Symantec, for example, was ranked a leader, but Gartner cautions potential customers about a lack of continuous product direction, which as resulted in overwhelming feedback about Symantec from its client base that Gartner sums up with one word: fatigue.
New Challengers Crowd the Market
While the majority of market share remains in the hands of those few large companies, there has been an explosion of new entrants to the EPP protection field in recent years. Ten of the 22 vendors listed in Gartner’s report occupy the Niche players quadrant, while 6 occupy the visionaries quadrant. Meanwhile, the more established quadrants are home to just six vendors, the four leaders, and just two ‘challengers,’ Microsoft and Intel.
Most of these new competitors are small vendors, challenging legacy vendors with products that are easy-to-use, and are generally more effective at catching new threats. Many of these vendors employ new means of threat detection, outside of traditional, signature-based anti-virus.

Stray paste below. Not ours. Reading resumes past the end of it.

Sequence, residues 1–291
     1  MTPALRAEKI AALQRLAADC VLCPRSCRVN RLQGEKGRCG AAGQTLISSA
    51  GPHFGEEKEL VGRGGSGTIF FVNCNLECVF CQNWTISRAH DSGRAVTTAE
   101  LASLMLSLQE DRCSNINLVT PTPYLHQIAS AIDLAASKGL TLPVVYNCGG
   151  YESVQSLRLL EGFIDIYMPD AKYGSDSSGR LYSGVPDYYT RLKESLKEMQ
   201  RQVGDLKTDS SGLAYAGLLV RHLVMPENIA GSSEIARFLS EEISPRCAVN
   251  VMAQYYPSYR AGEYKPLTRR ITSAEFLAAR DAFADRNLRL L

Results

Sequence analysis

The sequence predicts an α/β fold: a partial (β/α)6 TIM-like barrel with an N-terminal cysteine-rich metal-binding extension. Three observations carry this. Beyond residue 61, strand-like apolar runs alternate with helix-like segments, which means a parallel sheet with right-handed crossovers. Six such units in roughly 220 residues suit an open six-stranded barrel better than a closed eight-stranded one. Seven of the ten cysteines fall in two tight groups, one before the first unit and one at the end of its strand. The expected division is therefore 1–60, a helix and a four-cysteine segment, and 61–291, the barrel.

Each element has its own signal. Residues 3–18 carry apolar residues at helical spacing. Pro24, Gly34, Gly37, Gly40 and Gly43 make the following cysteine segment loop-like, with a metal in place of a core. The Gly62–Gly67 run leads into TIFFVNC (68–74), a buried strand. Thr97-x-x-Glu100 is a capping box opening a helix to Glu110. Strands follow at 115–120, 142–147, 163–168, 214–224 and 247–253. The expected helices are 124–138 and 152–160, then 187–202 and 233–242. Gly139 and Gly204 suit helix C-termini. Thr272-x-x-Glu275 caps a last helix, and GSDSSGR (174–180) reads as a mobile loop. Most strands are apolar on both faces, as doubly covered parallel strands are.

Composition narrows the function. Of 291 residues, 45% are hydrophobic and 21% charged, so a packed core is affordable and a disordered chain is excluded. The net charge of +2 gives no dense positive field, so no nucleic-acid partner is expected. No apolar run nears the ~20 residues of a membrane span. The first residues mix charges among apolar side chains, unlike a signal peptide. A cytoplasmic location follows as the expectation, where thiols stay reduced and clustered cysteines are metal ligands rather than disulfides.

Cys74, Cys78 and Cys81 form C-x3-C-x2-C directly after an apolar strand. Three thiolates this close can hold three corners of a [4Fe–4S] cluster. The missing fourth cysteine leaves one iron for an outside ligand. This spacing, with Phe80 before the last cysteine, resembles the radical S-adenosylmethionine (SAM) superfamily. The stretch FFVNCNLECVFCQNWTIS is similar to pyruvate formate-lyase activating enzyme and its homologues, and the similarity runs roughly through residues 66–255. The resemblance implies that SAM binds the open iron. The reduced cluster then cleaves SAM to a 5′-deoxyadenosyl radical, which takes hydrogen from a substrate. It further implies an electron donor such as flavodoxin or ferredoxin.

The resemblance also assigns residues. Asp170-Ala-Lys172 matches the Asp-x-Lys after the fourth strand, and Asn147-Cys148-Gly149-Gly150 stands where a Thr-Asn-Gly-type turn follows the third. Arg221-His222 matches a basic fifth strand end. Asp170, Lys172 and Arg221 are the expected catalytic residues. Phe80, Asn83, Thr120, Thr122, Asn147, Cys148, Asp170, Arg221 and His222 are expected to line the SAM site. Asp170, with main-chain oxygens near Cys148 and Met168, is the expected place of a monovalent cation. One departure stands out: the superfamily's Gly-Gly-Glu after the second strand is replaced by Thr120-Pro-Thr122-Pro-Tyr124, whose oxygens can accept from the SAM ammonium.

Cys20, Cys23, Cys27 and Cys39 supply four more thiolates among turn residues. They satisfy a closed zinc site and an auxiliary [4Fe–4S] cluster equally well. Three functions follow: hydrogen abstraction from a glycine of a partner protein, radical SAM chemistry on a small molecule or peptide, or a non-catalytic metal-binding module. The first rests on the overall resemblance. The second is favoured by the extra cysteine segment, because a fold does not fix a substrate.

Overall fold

Many of these challengers offer less comprehensive products than the market leaders, and Gartner considers many of the vendors in the Niche and Visionary quadrants “complementary,” meaning that they can be added to a machine without disrupting a broader traditional EPP solution already in place.
In fact, Gartner’s analysts estimate that 90 percent of ‘visionary’ products are running in tandem with other solutions. Approximately six percent of organizations are now running with two solutions, according to Gartner’s research.
However, some visionary challengers have earned high praise even as full-on replacements for large-scale EPP deployments. SentinelOne, for example, was praised for “strong performance in competitive displacements, even in very large accounts, due to ease of use and a single-agent deployment that provides both EPP and EDR capabilities.”
How these changes will shake out over time is yet to be seen, but for now, it’s safe to predict that the EPP market as we know it will not last. New challengers show the potential to overtake the capabilities of the old-guard, who struggle to keep up via acquisitions and new integrations, but still provide necessary functions unproven in ‘next-generation’ products.